Alfred Eaton at the 1917 Yale-Princeton Game at Princeton


From the Terrace: Alfred and his mistress Norma Budd fought and broke up and she wrote him "I do not wish to see you for a long, long time." Alfred, miserable, goes to the game:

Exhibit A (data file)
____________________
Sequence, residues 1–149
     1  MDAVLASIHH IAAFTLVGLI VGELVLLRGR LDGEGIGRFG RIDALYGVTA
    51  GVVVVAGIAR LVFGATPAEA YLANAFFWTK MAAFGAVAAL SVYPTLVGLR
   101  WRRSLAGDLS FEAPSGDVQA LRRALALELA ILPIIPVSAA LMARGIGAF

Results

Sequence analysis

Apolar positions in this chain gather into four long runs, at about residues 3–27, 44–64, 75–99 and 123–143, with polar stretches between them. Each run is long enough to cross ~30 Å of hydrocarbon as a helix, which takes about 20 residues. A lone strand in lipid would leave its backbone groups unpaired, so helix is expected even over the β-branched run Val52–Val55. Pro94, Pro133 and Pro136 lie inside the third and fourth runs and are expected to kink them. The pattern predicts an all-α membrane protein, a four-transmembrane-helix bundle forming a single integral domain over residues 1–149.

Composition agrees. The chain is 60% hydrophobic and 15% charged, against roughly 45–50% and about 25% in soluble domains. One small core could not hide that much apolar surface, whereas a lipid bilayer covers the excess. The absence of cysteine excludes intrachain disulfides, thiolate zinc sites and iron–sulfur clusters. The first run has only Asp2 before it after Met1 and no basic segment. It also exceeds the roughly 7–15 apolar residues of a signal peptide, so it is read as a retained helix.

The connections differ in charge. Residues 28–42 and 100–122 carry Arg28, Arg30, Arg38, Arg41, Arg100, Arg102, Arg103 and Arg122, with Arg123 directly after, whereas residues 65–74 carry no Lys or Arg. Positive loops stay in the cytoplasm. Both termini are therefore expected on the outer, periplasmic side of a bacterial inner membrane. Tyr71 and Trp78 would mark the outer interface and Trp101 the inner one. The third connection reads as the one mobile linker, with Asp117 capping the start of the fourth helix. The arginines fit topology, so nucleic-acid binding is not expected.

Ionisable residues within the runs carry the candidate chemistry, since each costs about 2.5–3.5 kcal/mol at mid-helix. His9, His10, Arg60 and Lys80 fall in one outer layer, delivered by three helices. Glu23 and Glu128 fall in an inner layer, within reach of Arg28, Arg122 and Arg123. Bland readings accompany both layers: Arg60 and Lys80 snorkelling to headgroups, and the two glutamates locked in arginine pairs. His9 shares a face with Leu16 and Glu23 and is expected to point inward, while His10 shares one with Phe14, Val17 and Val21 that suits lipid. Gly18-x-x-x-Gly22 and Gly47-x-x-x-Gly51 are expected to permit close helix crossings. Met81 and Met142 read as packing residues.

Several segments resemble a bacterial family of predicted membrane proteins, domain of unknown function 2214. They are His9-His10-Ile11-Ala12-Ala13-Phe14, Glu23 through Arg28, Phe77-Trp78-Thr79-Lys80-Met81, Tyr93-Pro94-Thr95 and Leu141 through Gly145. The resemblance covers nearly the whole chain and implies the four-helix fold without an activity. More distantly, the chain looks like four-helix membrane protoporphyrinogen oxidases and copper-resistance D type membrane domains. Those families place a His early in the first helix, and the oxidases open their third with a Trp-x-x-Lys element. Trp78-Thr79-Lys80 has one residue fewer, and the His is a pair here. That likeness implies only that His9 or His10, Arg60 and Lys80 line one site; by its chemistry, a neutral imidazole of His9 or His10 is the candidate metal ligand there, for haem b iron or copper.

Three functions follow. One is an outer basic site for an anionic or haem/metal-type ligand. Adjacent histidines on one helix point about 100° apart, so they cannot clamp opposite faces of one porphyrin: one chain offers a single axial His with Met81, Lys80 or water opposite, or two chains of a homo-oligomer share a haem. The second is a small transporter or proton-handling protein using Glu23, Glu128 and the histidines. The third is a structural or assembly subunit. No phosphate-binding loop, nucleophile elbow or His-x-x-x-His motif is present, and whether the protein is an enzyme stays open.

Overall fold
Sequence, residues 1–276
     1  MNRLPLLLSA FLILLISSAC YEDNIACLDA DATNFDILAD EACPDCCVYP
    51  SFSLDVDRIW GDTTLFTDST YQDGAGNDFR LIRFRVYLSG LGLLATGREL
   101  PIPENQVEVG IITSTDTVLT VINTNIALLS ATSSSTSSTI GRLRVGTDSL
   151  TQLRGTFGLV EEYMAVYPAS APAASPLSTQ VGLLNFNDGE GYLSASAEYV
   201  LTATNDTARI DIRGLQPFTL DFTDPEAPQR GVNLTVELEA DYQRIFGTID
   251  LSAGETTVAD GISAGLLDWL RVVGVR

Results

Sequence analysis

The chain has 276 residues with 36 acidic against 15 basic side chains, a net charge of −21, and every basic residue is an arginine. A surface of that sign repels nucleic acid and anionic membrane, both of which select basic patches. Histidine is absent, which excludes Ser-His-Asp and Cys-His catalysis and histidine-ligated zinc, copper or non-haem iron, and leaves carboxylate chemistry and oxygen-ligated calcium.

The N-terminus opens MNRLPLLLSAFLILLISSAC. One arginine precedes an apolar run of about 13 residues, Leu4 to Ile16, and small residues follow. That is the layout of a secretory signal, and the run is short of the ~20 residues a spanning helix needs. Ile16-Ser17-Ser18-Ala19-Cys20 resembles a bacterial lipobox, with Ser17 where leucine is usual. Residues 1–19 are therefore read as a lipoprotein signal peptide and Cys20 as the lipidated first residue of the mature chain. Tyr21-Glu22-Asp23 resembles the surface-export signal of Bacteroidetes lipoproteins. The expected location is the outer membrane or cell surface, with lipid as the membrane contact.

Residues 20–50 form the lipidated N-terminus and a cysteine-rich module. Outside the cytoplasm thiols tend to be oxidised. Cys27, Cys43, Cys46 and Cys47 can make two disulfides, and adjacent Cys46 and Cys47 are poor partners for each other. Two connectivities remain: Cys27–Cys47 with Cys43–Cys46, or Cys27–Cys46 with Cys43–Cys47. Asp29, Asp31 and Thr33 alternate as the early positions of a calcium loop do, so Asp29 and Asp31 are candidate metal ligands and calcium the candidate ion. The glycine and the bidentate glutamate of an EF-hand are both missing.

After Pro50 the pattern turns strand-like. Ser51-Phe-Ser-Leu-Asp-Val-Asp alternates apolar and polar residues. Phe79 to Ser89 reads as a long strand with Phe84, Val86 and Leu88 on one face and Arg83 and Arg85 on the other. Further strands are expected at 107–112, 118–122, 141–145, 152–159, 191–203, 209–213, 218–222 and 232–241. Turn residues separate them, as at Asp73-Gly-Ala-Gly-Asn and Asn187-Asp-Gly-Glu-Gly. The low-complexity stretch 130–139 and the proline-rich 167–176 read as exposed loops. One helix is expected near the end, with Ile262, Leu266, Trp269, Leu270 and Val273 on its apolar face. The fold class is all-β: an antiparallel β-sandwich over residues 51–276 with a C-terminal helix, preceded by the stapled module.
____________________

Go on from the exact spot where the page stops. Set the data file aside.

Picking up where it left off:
"Alfred saw Norma from a distance at the Yale game; only briefly, and she did not see him. She was in a foursome who were hurrying down the hill to the new Palmer Stadium, obviously having had lunch at one of the clubs. The men were older, in their thirties or even in their forties, and as they approached the Stadium they veered to the left and the Yale side. One of the men, the man Alfred first saw with Norma, wore a long raccoon coat; the other wore a greatcoat and motoring gauntlets. They were talking amiably among themselves, and Alfred saw the men and the girls change partners, so that he was unable to determine which man was for Norma, which for the other girl (who appeared to be older than Norma). In Alfred's mind there was no doubt that one of the men was the one that possessed the power to hurt her, but to the same degree there was no doubt that she was enjoying herself and suffering nothing. Yale, which had not been favored, won the game 13-7, thanks largely to Coach Shevlin and his Minnesota shift, a tricky bit of business that Shevlin had introduced at New Haven when he was brought in toward the end of the season. But the advantages of the new technique went largely unobserved by Alfred, who tried throughout the game to pick out the foursome on the opposite side of the field. The campus and the team had been so confident of winning that the defeat put the undergraduates in a mood that somewhat corresponded to the mood that Alfred suffered for his own reason."

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